Members of the Missouri Corn Growers Association got in the mood this week by holding their annual meeting in Jefferson City and going to talk with state lawmakers about the importance of keeping agriculture in the hands of farmers. National Corn Growers Association president Darrin Ihnen (right) was guest speaker at the Missouri luncheon. With him pictured is Mike Geske, former president of the Missouri Corn Growers now serving on the 15-member National Corn Board.
I interviewed both Darrin and Mike about some of the issues important to growers right now and topping the list is the threat posed by the Humane Society of the United States (HSUS), which is in the process of working up a petition drive in Missouri directed at dog breeders – lumping them all in the unsavory category of “puppy mills” – kind of like they lump all of agriculture under “factory farming.” Mike says that is why all agriculture groups in the state are working to keep legislators informed about how food is produced and the importance of the industry to Missouri. “We feel that once they get past the dog breeders they are going to be headed for commercial agriculture,” he told me.
Darrin says the threat posed to animal agriculture in individual states by groups like HSUS ultimately impacts all of agriculture across the country. “It’s very important that we help defend them,” Darrin says. “We can’t be separated when it comes to agriculture. We need to work together.”
This is just one of many important policy issues that corn growers will discuss at Classic next week, the annual meeting that also includes soybean, wheat and sorghum producers. Others include the indirect land use issue, climate legislation, increasing the ethanol blend rate and extending the blender’s tax credit for ethanol.
Listen to back to back interviews with Darrin and Mike here: [audio:http://www.zimmcomm.biz/corn/ihnen-geske.mp3]
Everyone at Commodity Classic this year seemed to be impressed that attendance was as good or better than ever.
“As I understand it, we are either right at the record or over it, so that is phenomenal,” said National Corn Growers Association CEO Rick Tolman. Unofficial numbers I heard were about 4500 total registration with 1500 of those actual corn, soybean, wheat and sorghum farmers.
The state of the ethanol industry was a major focus at the meeting, as well as the state of the livestock industry – both major concerns for corn growers since they represent two of the biggest markets for the commodity. Tolman says they are working hard to improve their relationship with the livestock industry which has been strained in the past year over biofuels.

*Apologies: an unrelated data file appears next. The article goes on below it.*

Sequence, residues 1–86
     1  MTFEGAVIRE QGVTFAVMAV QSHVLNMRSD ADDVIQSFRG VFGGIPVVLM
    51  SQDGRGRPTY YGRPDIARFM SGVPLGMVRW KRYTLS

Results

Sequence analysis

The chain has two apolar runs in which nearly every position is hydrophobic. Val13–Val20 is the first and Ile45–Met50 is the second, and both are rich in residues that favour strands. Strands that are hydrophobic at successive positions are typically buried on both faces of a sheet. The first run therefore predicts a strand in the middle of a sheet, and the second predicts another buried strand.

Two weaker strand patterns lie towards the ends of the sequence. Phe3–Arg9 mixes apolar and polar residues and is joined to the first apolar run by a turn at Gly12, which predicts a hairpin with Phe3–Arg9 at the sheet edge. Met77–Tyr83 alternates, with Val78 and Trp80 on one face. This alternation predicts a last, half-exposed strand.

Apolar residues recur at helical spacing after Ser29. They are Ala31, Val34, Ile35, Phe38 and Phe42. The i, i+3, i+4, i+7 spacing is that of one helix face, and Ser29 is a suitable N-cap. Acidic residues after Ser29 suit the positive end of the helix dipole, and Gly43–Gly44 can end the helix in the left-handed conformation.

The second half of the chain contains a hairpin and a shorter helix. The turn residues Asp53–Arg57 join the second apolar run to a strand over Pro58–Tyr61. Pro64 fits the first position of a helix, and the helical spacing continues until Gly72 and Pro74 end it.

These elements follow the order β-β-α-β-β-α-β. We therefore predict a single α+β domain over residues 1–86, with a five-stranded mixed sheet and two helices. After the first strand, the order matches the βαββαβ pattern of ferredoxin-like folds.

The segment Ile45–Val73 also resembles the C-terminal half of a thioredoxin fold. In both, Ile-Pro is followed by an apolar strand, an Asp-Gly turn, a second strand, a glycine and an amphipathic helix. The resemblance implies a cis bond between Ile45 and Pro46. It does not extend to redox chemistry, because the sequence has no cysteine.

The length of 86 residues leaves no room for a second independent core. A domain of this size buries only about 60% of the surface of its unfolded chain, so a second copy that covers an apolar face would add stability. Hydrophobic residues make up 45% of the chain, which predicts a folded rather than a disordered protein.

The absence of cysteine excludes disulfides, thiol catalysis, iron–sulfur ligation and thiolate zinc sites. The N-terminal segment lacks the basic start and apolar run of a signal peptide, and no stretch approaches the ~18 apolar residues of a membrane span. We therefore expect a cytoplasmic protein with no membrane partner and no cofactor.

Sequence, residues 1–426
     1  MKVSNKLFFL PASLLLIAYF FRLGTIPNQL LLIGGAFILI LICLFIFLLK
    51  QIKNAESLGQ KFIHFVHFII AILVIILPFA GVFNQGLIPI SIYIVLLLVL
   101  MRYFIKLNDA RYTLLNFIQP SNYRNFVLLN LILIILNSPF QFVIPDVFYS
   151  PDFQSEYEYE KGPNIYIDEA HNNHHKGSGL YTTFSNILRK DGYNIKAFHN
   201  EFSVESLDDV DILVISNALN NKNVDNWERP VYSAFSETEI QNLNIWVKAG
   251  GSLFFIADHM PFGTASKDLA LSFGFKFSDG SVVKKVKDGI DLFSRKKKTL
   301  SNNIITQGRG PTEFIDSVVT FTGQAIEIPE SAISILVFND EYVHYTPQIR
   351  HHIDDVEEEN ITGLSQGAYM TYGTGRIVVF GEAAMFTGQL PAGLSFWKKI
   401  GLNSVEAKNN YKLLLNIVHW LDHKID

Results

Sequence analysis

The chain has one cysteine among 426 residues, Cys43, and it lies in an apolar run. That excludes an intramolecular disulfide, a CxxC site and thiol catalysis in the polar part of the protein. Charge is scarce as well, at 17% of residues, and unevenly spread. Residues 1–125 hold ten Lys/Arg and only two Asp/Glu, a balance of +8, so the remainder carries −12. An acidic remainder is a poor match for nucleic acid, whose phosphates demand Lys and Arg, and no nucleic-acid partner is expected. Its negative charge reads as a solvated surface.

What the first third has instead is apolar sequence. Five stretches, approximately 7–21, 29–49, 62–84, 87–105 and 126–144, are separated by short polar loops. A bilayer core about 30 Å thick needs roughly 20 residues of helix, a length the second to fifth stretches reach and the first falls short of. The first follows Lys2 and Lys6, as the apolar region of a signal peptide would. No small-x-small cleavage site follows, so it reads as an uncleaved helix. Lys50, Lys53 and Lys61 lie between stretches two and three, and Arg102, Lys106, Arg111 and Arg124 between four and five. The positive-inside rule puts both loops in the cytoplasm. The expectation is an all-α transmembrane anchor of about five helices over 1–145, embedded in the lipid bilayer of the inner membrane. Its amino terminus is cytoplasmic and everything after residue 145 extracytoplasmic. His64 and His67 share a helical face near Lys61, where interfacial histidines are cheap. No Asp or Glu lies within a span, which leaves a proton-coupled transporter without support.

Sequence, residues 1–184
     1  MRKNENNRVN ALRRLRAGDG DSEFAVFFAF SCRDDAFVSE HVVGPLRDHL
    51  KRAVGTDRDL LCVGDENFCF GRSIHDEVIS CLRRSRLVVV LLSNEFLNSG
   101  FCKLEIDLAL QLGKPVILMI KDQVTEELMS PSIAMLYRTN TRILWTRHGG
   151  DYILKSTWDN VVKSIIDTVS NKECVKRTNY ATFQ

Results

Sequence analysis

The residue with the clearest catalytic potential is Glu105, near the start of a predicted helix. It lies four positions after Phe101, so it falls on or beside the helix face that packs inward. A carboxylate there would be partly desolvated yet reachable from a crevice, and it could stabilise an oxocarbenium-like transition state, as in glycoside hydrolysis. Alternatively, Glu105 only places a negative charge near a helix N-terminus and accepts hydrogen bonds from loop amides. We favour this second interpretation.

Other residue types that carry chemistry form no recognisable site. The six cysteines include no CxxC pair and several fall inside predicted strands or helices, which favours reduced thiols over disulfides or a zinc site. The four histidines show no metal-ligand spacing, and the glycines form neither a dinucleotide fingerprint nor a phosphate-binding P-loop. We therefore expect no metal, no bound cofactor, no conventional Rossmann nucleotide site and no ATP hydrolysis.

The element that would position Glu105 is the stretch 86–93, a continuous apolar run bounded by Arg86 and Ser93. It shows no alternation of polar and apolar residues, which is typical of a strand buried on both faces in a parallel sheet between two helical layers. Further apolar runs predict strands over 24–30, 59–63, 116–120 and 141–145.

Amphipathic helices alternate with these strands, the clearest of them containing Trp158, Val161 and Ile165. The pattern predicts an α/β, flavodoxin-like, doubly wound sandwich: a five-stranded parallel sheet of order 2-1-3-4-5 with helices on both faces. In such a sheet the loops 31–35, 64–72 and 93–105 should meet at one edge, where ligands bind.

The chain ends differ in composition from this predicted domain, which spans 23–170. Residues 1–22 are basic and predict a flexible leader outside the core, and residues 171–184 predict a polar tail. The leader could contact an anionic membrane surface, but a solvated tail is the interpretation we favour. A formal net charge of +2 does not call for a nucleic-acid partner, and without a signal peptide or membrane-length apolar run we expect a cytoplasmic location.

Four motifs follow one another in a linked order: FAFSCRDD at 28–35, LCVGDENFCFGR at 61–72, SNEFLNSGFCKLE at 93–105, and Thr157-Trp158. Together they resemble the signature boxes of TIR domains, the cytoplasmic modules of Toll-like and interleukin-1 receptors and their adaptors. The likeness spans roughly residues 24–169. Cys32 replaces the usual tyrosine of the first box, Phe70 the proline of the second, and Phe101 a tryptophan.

NCGA is also working with the ethanol industry on two important issues that could adversely impact future production – indirect land use and higher blends. “The indirect land use issue is one that by statute the EPA has to look at in the Renewable Fuels Standard,” Rick says. “Personally, I think its a ridiculous concept and doesn’t make any sense at all, however it is in law, so EPA has to look at it.” Regarding both issues, Rick believes sound science will eventually win out.
Concerns about potential changes to the 2008 Farm Bill surfaced at Commodity Classic this week, as the Obama administration unveiled its budget proposal which calls for cuts in farm program spending. “The farm bill is a five year program and we just went through a whole two years of discussions to get that done and finally we get it signed and it hasn’t even been implemented yet and they’re talking about changing it,” Tolman said. “That’s a principal I think is wrong.”
Listen to an interview with Rick here: [audio:http://www.zimmcomm.biz/commodity-classic/cc-09-tolman.mp3]
Five college students from agricultural backgrounds were presented with $1000 NCGA Academic Excellence in Agriculture scholarships, sponsored by BASF, at this week’s Commodity Classic in Grapevine, Texas.
Adam Burnhams (left) with U.S. Crop Protection Products at BASF and NCGA Chairman Ron Litterer (right) presented the students with their awards on Friday. Four of the five students were able to attend this year’s Commodity Classic. They are pictured here, left to right – Emily Treu of Wisconsin, Michael Sukalski of Minnesota, Alex Coughlin of South Dakota and Rita Cook of Iowa. Not pictured is Elias Klokkenga of Illinois.
Rita is a senior at Iowa State University majoring in agricultural business with a minor in public service and administration in agriculture and economics. Alex is a junior at South Dakota State University majoring in agricultural business with a minor in agricultural marketing. Elias is a sophomore at the University of Illinois majoring in agricultural and consumer economics with a concentration in agribusiness, markets and management. Michael is a sophomore at South Dakota State University majoring in agricultural and biosystems engineering with a minor in accounting and business management. Emily is a sophomore at the University of Wisconsin – Madison double majoring in agricultural education and agricultural journalism.
I did interviews with each of the winners present, which you can hear below:
Alex – [audio:http://www.zimmcomm.biz/commodity-classic/cc09-ncga-scholar-alex.mp3]
Emily – [audio:http://www.zimmcomm.biz/commodity-classic/cc09-ncga-scholar-emily.mp3]
Rita – [audio:http://www.zimmcomm.biz/commodity-classic/cc09-ncga-scholar-rita.mp3]
Michael – [audio:http://www.zimmcomm.biz/commodity-classic/cc09-ncga-scholar-michael.mp3]
Farmers will soon have a new tool to analyze their natural resource use and key crop production inputs, introduced this week at the Commodity Classic by Field to Market, The Keystone Alliance for Sustainable Agriculture.
The Fieldprint Calculator was developed with input from a diverse group of grower organizations, agribusinesses, food companies, economists and conservation groups, to help farmers evaluate natural resource use on their operation compared to industry averages. These measures could help improve production efficiencies and profit potential.
The calculator will be available at www.fieldtomarket.org beginning March 15 for grower testing and feedback.
“Sustainable agriculture must make sense economically as well as environmentally or it’s not sustainable,” said Doug Goehring, who grows corn, soybeans and wheat in North Dakota. “This calculator will help producers understand how they’re being sustainable on the farm today, while providing insight into for future improvements that can benefit the environment and our bottom line.”
Watch Doug demonstrate the Fieldprint calculator here: